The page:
Colorado Senators Propose Anti-Dog Shooting Bill

Life With Dogs is reader-supported. We may earn a small commission through products purchased using links on this page.


3.3.13 Anti Police Shooting Bill
Jeff Fisher with his dog, Ziggy, who was ruthlessly shot and killed by police.


In an effort to curb the number of incidents of police shooting innocent family dogs, Colorado legislators are proposing a bill to protect dogs.

“We are concerned that there have been a number of incidents where law enforcement have shot dogs. We can initiate a program where law enforcement would receive training and better understand how dogs behave and better understand the difference between a barking dog and a dog that’s actually dangerous,” Senator David Balmer said.

Republican Balmer and Democrat Lucia Guzman have teamed up because their state has seen more than its share of dog shootings.  They would like to see municipal police agencies and sheriff’s deputies have yearly training courses so they can better determine when a dog poses a threat to them.

But it isn’t always so simple.  Police Lieutenant Vince Gavito says that dogs can be dangerous, and in a moment when an officer encounters a dog in a situation, there may be little time to assess threat levels.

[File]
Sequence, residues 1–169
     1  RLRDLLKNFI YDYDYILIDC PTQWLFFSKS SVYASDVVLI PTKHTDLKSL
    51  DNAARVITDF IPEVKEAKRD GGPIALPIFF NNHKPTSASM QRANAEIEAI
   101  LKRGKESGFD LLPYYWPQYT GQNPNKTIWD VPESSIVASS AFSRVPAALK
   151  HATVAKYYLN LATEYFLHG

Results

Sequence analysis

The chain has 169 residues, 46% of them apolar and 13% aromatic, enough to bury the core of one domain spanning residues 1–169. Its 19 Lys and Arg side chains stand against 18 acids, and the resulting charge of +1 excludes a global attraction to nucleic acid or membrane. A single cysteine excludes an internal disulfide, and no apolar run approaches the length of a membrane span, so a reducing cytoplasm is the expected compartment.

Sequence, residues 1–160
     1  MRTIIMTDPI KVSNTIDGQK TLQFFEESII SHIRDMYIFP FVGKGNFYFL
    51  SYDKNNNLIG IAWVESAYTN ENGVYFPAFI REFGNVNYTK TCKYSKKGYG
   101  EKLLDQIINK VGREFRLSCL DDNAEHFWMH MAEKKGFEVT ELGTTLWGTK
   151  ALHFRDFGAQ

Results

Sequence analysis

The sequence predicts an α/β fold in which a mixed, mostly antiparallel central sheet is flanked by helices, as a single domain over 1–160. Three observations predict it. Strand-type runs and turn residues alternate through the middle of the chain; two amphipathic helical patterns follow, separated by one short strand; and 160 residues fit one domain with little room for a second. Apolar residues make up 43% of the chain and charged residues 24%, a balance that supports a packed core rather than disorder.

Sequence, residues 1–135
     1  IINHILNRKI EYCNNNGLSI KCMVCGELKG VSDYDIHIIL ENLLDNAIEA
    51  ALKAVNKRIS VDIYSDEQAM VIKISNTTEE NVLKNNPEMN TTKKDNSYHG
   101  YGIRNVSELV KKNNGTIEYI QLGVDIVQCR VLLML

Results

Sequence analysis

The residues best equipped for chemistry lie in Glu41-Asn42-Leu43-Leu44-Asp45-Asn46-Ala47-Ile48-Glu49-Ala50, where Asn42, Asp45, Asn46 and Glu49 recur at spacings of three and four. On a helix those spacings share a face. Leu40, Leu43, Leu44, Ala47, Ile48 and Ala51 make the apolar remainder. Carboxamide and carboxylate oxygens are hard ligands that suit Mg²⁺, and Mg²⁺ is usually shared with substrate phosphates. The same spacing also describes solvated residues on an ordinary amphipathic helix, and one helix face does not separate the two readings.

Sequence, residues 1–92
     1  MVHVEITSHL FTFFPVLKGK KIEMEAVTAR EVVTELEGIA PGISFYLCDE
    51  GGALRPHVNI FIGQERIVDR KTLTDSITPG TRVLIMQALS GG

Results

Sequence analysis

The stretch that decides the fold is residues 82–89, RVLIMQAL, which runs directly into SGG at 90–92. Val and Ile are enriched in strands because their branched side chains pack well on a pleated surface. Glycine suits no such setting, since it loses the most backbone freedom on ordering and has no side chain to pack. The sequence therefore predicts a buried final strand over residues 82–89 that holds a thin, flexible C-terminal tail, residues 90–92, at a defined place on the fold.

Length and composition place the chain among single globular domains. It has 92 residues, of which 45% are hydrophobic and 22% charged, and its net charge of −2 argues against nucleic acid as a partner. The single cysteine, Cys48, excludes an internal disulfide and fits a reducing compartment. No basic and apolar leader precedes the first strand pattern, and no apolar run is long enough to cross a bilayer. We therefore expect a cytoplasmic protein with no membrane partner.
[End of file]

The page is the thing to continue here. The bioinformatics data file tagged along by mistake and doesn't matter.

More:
“You have to evaluate each situation on a case by case bases and what were the circumstances surrounding that incident,” Gavito explained.

Try explaining that to Jeff Fisher, whose blue heeler/border collie mix, Ziggy, was gunned down by police who went to the wrong address and forced their way into Fisher’s business.  Ziggy had trotted outside to investigate the exciting situation.

“That’s my son.  I’ve had him for 8 years.  That’s my son,” Fisher said, tearfully.  “He turned to come back to me.  And the police officer opened fire.  He ran past the police officer at the door.  He just wanted to see who it was.  And the police officer shot him 3 times.”

“And I’m yelling ‘You shot my dog.  You shot my dog,’” Fisher continued.  “And the police officer says, ‘You need to calm down.  You can get a new dog.’”

Attorney Jennifer Edwards of the Animal Law Center represents Fisher, who has filed a complaint and is planning a lawsuit.  Edwards also represents the owner of Chloe, a dog shot five times while she was already restrained.  She calls the killing of a family pet a “fourth amendment violation.”

“What is going on?  This is becoming an epidemic in Colorado,” Edwards said.  “There is something very wrong in these departments and something has got to be done about it.  They’re taking our family members.”

Though Gavito is a dog-lover and can appreciate the concern that many owners have, he does not think the proposed bill is the solution.

“I don’t believe passing legislation is going to do anything to teach common sense that’s just something you have or you don’t,” Gavito said.